As Coronavirus Cases Reach Record Highs in Israel, the International Fellowship of Christians and Jews Commits an Additional $15 Million

Fund to help Israelis suffering from severe economic hardship now stands at $20 million

JERUSALEM — In response to the resurgence in coronavirus cases in Israel, the International Fellowship of Christians and Jews (The Fellowship) committed an additional $15 million to its coronavirus emergency fund, giving the organization a total of $20 million to assist the elderly, Holocaust survivors, soldiers, and families hardest hit by the health crisis.

Coronavirus cases in Israel reached record highs in early September after a successful suppression of the first wave in the spring. A second wave of cases struck the nation over the summer with daily new cases now exceeding 2,500 per day, the same rate as Florida, one of the hardest-hit states in the U.S.

The Fellowship, the largest provider of humanitarian aid in Israel, established a $5 million emergency fund in the spring, providing food boxes to 30,000 elderly, emergency medical equipment to 23 hospitals and medical service organizations, and emergency assistance to the Jewish community in the former Soviet Union.

Over the summer, additional funds were authorized to provide food assistance to 40,000 widows, orphans, refugees, and families in Israel as well as emergency funds and test kits to the Jewish community in Ukraine. The Fellowship also partnered with the Israeli government to distribute emergency funds to affected families in all 256 municipalities.

Israel’s most vulnerable populations are still reeling from the devastating economic impact of the first wave of the virus. A recent survey conducted by Israel’s Geocartography Institute on behalf of The Fellowship found that as many as 40 percent of Israelis had difficulty paying for routine expenses such as food, bills, and rent.

All of this comes as Israelis prepare to observe the High Holy Days, the holiest time of the year for the Jewish people. “This should be a time of reverence, prayer, and celebration,” said Yael Eckstein, President and CEO of The Fellowship. “But because of COVID-19, more people are suffering from both the harsh realities of poverty and the fear of getting sick. They have nowhere else to turn besides The Fellowship, and we won’t turn them away. Israel needs us now more than ever.”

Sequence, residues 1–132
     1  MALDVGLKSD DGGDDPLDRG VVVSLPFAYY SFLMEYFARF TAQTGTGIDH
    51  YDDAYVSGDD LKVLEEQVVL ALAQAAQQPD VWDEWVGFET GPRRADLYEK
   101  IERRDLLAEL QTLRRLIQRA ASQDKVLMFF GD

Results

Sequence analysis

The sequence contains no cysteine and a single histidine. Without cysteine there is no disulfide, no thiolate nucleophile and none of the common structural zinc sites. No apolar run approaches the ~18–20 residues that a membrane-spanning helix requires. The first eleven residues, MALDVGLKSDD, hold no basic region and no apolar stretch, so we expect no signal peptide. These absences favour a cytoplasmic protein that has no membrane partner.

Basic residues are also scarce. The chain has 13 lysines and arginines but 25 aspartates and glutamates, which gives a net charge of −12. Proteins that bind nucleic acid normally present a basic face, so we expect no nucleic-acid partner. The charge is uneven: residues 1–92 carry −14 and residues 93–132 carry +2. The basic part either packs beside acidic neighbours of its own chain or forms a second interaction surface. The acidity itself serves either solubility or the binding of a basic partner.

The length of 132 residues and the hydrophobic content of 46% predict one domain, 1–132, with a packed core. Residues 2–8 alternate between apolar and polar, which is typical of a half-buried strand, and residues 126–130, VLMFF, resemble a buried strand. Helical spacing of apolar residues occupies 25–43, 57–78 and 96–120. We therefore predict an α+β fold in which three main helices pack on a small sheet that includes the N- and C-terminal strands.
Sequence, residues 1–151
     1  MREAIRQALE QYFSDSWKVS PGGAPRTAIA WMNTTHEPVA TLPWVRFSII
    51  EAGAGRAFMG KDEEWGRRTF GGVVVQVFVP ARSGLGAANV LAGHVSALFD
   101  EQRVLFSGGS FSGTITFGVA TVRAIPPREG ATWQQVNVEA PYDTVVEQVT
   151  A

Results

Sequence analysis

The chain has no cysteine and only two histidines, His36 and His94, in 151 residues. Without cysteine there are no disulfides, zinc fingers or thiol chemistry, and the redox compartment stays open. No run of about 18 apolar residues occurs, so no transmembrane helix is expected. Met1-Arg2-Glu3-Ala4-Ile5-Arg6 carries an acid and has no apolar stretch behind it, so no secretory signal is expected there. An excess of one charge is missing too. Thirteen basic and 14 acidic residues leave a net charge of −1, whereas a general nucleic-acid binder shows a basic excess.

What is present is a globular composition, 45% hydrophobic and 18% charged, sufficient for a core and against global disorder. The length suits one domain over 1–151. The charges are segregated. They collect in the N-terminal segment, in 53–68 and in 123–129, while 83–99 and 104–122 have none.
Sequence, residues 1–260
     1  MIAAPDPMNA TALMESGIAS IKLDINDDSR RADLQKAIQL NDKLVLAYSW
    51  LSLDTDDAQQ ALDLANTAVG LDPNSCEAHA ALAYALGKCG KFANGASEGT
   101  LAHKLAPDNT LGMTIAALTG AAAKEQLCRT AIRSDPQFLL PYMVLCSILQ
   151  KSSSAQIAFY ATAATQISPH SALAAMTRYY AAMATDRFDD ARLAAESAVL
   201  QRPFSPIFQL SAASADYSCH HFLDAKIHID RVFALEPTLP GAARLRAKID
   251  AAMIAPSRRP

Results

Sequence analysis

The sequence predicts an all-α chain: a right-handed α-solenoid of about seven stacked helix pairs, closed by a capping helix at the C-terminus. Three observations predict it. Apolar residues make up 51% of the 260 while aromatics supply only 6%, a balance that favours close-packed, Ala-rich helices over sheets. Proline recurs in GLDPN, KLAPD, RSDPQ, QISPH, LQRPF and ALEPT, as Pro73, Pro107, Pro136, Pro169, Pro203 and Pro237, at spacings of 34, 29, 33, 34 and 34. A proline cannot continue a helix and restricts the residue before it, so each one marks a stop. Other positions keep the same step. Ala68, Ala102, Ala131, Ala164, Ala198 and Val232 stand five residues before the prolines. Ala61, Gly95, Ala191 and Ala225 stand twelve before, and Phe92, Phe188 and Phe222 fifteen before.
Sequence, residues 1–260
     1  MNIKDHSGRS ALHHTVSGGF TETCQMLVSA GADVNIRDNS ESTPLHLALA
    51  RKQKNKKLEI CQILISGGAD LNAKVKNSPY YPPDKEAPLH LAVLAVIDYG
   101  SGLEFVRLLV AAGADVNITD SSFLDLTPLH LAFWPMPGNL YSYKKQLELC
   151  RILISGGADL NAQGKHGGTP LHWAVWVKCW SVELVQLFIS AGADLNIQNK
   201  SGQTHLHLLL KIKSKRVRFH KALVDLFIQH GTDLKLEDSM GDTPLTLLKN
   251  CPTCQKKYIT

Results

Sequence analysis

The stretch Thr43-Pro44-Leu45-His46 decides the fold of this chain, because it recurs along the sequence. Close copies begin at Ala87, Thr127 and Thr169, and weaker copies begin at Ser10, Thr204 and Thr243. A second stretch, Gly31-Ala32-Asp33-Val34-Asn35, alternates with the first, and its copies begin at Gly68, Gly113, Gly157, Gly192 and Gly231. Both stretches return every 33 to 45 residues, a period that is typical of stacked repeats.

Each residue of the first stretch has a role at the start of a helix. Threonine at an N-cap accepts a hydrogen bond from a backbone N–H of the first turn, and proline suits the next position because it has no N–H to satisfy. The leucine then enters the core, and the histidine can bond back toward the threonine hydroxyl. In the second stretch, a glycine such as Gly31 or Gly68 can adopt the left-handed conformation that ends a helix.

Over 60,000 families, families of soldiers in Israel, and lone soldiers will turn to The Fellowship during the High Holy Days for food assistance as part of its expanded emergency fund which will total $20 million by the end of 2020.

During a virtual conference with the Jerusalem Post, Eckstein credited the Christian community for putting The Fellowship 20% above budget, allowing it to significantly expand its emergency fund. Evangelical Christians have historically been strong supporters of Israel and many see it as related to national best interest. In 2019, prominent evangelical pastor, Dr. David Jeremiah, wrote, “America’s future, and any nation’s future, depends in large part on one simple factor: our relationship to the tiny nation of Israel.”

“We are so thankful to our Christian supporters, who continue to go above and beyond to help in any way possible,” Eckstein concluded. “It is because of their generosity that The Fellowship is able to take immediate, meaningful action – like establishing this emergency fund – to protect Israelis during this crisis. As the Bible promises them, I pray that they will be blessed for their generous blessing of Israel.”


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